Sunglasses are not only meant to help you look cool in the sweltering heat just in case you haven’t realized, but they play a very important role – which is to make sure your eyes do not get more UV rays than they need especially when you are in the great outdoors. Of course, wearing a pair of shades that are well designed will also add to your stylish looks, but that’s besides the point. Till now, how many sunglasses do you know off that boast LCD technology? You can stop cracking your head already since Dynamic Eye is the first in the industry to roll out LCD sunglasses.
The company has recently completed the technology verification testing stage of its electronically controlled glare reduction sunglasses, where Dynamic Eye’s LCD sunglasses will deliver active glare control which is completely unlike and superior to today’s passive technologies – letting your eyes see what you need to see, nothing more, nothing less.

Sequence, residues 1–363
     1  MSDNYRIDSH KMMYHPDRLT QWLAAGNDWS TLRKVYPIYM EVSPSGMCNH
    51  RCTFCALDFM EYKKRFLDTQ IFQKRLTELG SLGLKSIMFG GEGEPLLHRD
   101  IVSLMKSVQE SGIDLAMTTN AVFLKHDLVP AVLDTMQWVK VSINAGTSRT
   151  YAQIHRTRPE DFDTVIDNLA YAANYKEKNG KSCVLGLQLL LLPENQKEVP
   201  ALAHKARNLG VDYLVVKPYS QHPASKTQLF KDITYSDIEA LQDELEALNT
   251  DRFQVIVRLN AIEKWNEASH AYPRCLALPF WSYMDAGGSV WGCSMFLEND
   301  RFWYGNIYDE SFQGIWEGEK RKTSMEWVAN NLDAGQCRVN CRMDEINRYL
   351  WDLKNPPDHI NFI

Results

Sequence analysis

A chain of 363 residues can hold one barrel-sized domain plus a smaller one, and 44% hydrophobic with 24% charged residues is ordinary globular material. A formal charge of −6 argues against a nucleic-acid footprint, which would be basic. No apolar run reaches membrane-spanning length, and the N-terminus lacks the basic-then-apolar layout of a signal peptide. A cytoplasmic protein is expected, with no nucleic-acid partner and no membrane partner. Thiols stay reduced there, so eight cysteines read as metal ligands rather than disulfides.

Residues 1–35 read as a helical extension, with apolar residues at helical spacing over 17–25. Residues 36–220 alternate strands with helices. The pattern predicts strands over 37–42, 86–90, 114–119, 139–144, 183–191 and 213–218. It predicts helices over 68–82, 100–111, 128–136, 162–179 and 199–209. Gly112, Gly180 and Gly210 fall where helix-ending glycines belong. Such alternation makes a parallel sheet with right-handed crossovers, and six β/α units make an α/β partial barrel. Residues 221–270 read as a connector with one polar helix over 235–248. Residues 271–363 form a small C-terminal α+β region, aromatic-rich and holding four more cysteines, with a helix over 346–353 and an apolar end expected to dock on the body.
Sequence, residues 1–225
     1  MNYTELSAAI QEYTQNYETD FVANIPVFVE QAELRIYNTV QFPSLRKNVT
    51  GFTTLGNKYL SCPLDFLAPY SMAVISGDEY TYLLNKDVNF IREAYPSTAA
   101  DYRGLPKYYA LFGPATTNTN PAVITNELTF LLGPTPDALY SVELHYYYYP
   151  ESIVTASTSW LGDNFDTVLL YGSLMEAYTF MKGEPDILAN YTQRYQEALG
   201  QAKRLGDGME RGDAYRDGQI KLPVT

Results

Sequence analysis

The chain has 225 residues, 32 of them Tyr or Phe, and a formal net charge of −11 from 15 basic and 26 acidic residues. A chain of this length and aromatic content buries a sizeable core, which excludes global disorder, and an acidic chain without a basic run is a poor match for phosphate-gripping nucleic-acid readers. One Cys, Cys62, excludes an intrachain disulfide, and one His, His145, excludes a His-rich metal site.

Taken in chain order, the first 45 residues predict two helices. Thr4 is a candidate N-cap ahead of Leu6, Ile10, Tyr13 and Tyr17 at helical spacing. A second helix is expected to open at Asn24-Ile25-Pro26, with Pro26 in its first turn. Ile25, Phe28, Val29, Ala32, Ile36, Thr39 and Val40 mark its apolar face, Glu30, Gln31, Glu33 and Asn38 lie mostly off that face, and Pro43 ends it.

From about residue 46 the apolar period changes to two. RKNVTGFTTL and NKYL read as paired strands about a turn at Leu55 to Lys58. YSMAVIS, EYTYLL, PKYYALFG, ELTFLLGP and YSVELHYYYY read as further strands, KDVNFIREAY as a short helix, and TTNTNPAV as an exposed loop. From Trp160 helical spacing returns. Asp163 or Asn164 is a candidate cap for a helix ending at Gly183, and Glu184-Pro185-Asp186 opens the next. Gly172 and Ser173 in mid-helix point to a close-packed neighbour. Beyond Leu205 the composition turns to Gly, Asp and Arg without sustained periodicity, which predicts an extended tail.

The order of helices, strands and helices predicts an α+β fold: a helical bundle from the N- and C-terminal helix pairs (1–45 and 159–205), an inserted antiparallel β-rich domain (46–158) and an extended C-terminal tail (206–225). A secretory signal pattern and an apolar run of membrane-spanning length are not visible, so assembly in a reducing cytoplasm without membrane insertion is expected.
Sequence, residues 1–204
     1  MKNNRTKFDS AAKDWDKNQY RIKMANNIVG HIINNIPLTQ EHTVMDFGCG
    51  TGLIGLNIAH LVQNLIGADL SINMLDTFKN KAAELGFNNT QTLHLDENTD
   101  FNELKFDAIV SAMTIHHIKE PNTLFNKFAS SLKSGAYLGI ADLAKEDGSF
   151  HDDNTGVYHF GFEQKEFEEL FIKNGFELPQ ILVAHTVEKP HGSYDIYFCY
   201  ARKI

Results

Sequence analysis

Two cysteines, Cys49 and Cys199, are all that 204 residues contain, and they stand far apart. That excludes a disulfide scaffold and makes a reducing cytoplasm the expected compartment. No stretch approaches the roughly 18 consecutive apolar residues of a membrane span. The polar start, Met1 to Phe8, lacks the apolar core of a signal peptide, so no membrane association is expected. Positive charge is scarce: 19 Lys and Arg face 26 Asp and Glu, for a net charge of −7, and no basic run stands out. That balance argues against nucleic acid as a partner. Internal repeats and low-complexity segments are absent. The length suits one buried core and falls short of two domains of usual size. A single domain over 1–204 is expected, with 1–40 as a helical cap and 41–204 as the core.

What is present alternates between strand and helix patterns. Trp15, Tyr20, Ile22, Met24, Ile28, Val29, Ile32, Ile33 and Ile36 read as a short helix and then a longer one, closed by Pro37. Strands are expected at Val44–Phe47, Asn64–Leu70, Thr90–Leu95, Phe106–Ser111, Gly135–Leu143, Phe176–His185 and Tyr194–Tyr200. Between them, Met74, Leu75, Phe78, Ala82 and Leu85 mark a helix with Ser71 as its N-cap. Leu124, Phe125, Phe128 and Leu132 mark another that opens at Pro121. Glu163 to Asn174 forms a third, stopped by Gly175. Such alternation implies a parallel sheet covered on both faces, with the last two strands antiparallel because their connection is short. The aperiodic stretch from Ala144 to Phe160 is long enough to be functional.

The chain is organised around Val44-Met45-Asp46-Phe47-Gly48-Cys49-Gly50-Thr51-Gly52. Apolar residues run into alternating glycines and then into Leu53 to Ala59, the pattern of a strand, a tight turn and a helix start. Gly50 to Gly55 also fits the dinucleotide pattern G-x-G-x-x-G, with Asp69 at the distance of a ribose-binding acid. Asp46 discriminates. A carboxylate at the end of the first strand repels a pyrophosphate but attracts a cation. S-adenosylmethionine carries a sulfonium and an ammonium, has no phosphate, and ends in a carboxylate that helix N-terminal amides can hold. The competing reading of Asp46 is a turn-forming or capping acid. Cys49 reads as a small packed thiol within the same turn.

The sunglasses will darken only a small spot on each lens instead of the entire lens, which results in glare sources being dimmed dramatically, while everything else remains easy as pie to be seen. This unique pair of shades will merge sensors, miniaturized electronics, and liquid crystal displays (LCDs) in an effort to increase comfort and safety in glare conditions.
Too bad there isn’t a commercial release of the product just yet since more work and money is required before it can roll off any factory production line. The commercialization stage itself will need additional funding and development, where Dynamic Eye hopes to be able to offer the sunglasses to the consumer market at a competitive, premium sunglasses price, followed by a price reduction when the technology used matures. According to company founder and CEO Dr. Chris Mullin, “Our products let users see more in glare situations than ever before, because they reduce direct glare ten to one hundred times more than any other sunglasses. On the technology side, we have a compelling application for the nascent plastic LCD industry because the application itself requires the lightweight, shatterproof, and bendable characteristics that distinguish plastic from glass.”